Drought could hit economic sectors in Tanzania

Thursday October 28 2021
Drought pic
By Alex Nelson Malanga
By Hellen Nachilongo

Dar es Salaam. Tanzania Meteorological Authority (TMA) yesterday said the country is likely to experience drought - and with possible far-reaching adverse impact on eight economic sectors.

The areas to be affected range from trade, tourism and wild animals, agriculture and food security, livestock keeping and fishing, health, energy and water to mining.

TMA director general Agnes Kijazi said prolonged spells of drought are expected to start this November to next January, citing Mbeya, Mara, Songea, Rukwa, Iringa, Katavi, Dodoma and Songwe as among the regions that are likely to experience below-normal rains.

She further said that other regions to be affected are Ruvuma, Lindi, Mtwara and the Southern part of Morogoro.

“Nevertheless, there will be a slight increase of rainfall expected in March,” said Dr Kijazi.

Considering that water scarcity impacts where businesses are located, Dr Kijazi said with below-normal rains, the private sector would be adversely affected due to a likely increase in operational costs.

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As it is, she elaborated, production was likely to be pushed down.

Further, she said, below average rains could affect the quality of poles-and-timber trees.

Dr Kijazi also said drought was likely to cause reduced food and water availability for wild animals, forcing them to invade human settlements in search of same.

Drought can have a far-reaching impact on recreation and tourism, including reduced availability of outdoor recreation activities, decreased visitation due to perceptions of drought, and loss of revenue to businesses, communities, and government agencies.

“As it is, it is of paramount importance for the responsible authorities to improve infrastructure in wildlife parks and reserves,” recommended the TMA boss.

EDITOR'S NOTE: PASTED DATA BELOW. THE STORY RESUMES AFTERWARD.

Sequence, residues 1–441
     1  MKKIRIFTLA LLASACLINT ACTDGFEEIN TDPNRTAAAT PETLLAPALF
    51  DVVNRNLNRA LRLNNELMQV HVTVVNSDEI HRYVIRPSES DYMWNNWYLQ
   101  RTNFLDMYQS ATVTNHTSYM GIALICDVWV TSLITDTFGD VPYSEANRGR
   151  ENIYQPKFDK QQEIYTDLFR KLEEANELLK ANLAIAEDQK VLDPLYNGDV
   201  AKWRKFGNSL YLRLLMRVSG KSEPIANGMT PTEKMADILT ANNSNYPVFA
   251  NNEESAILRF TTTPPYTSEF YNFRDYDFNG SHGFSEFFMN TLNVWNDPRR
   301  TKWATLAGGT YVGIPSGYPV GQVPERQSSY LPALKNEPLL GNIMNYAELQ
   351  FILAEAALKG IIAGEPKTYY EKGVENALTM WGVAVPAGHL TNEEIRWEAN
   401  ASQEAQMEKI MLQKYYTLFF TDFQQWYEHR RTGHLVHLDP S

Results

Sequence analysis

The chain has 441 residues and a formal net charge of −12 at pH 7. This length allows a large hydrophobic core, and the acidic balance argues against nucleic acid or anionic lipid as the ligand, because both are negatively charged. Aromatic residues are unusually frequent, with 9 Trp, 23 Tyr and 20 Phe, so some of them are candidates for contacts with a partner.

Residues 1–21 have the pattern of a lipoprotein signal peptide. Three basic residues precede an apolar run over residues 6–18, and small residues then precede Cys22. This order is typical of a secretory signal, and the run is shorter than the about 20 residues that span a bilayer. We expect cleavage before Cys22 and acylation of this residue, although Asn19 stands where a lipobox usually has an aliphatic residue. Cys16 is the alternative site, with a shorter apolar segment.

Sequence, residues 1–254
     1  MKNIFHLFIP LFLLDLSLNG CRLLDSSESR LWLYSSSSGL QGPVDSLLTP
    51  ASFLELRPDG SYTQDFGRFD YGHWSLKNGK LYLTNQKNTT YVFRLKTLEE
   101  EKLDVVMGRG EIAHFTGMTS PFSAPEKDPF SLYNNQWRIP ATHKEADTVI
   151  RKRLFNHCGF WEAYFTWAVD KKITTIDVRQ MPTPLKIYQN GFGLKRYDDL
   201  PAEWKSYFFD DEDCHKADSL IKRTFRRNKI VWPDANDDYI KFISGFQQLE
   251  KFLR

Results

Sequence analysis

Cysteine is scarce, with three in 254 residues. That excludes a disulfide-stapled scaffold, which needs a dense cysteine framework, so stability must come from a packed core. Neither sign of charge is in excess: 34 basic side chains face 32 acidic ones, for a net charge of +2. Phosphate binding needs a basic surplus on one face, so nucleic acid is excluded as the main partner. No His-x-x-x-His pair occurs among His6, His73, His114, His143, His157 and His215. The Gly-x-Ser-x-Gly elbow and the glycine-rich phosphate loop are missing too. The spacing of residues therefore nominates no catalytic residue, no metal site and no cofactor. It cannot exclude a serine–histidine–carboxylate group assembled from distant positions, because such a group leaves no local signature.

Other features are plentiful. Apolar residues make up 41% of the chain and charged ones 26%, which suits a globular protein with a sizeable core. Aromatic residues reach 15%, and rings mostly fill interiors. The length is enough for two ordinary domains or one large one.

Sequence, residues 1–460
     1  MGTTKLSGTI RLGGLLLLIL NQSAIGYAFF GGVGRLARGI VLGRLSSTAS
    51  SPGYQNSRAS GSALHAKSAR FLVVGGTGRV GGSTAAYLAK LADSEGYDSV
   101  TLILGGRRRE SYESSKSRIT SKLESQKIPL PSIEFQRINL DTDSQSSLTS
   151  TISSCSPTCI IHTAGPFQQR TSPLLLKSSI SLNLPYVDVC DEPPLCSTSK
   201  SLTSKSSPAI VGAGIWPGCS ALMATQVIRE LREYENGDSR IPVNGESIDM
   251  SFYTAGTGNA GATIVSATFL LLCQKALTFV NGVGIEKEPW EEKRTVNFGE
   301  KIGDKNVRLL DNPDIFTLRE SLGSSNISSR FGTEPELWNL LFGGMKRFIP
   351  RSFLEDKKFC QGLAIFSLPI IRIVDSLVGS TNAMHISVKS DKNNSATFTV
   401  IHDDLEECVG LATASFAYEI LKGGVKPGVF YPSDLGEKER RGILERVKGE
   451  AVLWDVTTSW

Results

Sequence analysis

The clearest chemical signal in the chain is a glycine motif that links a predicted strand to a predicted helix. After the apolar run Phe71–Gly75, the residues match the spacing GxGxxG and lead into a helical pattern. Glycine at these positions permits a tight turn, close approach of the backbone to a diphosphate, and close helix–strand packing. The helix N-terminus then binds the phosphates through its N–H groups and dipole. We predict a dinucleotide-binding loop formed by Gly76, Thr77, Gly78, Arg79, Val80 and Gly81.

In a swift rejoinder, Natural Resources and Tourism deputy minister Mary Masanja told The Citizen’s sister newspaper Mwananchi that the like wood for wildlife animals to attack human settlement was low because wildlife reserves had enough water sources.

“In it happens wildlife attacks human settlements, citizens should not hesitate to report to the respective authorities,” she urged, however, noting that the government was doing all in its power to make it not happen.

Further, TMA said the country will experience shortage of food due to the fact that most regions that produce food crops will receive low rainfall.

Dr Kijazi explained that water levels in rivers, reservoirs and decrease in aquifer recharge is likely in areas where below normal rain is expected.

“Severe soil moisture depletion is expected to occur in many unimodal areas and that is expected to affect crop growth,” she said.

The agency also projects that water borne diseases may occur in most regions due to the shortage of clean and safe water because of the few rains.

On the question of livestock keeping and fishing, she said, the sector was expected to be affected due to the likely reduced water and food for livestock and fish. This in turn, she added, might lead to a conflict between livestock keepers and other land users.

Low water levels in reservoirs during drought conditions could reduce the energy that can be generated using hydroelectric dams.

When it comes to mining, from dampening dust to cooling machinery, crushing ore to transporting tailings, water is a crucial resource for miners.

Noting that water is one of the most vital elements across the entire mining production process, Dr Kijazi said production by miners who used a huge chunk of water was likely to dwindle.

Dr Kijazi said it should be noted that events of heavy and short duration of rainfall might occur even over areas with normal rainfall conditions.

She however noted that the current status of seasonal forecasting allows for prediction of spatial and temporal average over larger areas.

This may not fully account for all physical and dynamical factors that influence short-term climate variability.